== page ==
… is from pages 174-175 of W.H. Hutt’s 1964 volume, The Economics of the Colour Bar:
Unchecked state power (or the private use of coercive power tolerated by the state) tends deliberately or unintendedly, patently or deviously, to repress minorities or politically weak groups. Thus the effective colour bars which have denied economic opportunities and condemned non-whites to be “hewers of wood and drawers of water” have all been created in response to demands for state intervention by most political parties (although in some of the most blatant cases, to pressures from those who claimed to be “syndicalists,” or “Marxists”). Of course, the extension of state control need not necessarily involve discrimination on the grounds of race, colour, caste or creed; yet in practice it does seem always to discriminate against the politically weak; and by reason of history, the non-whites have (so far) usually fallen into this class.
DBx: Although in the book quoted here Hutt wrote chiefly about apartheid South Africa, much of Hutt’s analysis applies with little or no adjustment to the United States – especially, but not only, to Jim Crow United States. It cannot be too often pointed out – because it is too often forgotten or ignored or never learned – that apartheid and Jim Crow were legislative policies. The unjust discrimination, the denial of opportunity, the suppression, and the cruelty of apartheid and of Jim Crow were not the results of market forces; they were the results of government suppression of market forces.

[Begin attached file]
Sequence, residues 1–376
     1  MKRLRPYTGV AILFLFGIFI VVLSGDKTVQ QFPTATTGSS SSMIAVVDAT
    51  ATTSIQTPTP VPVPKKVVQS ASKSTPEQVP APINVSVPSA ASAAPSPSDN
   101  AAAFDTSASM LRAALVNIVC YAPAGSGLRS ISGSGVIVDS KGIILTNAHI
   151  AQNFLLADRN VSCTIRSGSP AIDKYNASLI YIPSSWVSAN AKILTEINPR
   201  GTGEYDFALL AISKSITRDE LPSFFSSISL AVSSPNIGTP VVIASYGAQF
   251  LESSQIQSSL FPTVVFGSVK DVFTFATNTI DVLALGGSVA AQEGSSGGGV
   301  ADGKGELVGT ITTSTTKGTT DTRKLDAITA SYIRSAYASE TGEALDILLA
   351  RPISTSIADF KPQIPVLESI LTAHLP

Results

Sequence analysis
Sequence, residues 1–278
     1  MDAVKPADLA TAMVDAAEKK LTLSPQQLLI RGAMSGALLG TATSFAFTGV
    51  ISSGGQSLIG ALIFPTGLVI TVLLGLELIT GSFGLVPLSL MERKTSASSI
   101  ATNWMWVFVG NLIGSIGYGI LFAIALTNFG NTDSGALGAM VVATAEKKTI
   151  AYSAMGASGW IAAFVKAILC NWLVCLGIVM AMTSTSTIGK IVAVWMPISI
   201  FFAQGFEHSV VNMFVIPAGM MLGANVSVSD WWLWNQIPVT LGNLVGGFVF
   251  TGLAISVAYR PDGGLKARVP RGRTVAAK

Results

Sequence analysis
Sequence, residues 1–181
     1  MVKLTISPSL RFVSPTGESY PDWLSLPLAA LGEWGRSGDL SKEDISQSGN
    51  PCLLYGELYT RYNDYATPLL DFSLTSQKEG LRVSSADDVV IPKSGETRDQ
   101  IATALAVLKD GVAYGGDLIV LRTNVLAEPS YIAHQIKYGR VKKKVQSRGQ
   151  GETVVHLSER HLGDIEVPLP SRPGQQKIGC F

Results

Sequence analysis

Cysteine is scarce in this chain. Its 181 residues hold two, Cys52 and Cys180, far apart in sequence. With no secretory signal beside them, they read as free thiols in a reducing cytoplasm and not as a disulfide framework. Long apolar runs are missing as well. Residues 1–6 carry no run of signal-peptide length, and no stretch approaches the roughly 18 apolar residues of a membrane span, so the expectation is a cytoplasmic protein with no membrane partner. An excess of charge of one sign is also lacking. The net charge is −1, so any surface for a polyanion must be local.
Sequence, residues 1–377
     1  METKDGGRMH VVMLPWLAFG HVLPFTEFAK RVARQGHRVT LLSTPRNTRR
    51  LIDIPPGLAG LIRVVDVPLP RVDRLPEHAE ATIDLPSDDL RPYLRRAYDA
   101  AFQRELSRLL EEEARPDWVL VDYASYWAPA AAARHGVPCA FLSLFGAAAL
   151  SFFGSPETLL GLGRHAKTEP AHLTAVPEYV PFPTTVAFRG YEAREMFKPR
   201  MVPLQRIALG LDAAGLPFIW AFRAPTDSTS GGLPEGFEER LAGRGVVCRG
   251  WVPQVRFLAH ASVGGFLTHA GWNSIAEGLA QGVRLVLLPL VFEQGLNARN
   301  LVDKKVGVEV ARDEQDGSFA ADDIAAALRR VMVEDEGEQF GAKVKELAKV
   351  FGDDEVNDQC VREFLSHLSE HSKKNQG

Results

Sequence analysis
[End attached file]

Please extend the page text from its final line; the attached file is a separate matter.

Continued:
Although such suppression is today less likely than in the past to be racially motivated, many of the consequences of such suppression today have disproportionately harmful impacts on racial minorities. The minimum wage, of course, remains Exhibit A. But also policies such as occupational licensing, land-use restrictions, and government-run schooling inflict disproportionate harm on racial minorities and others who can least afford to be be victimized by the state.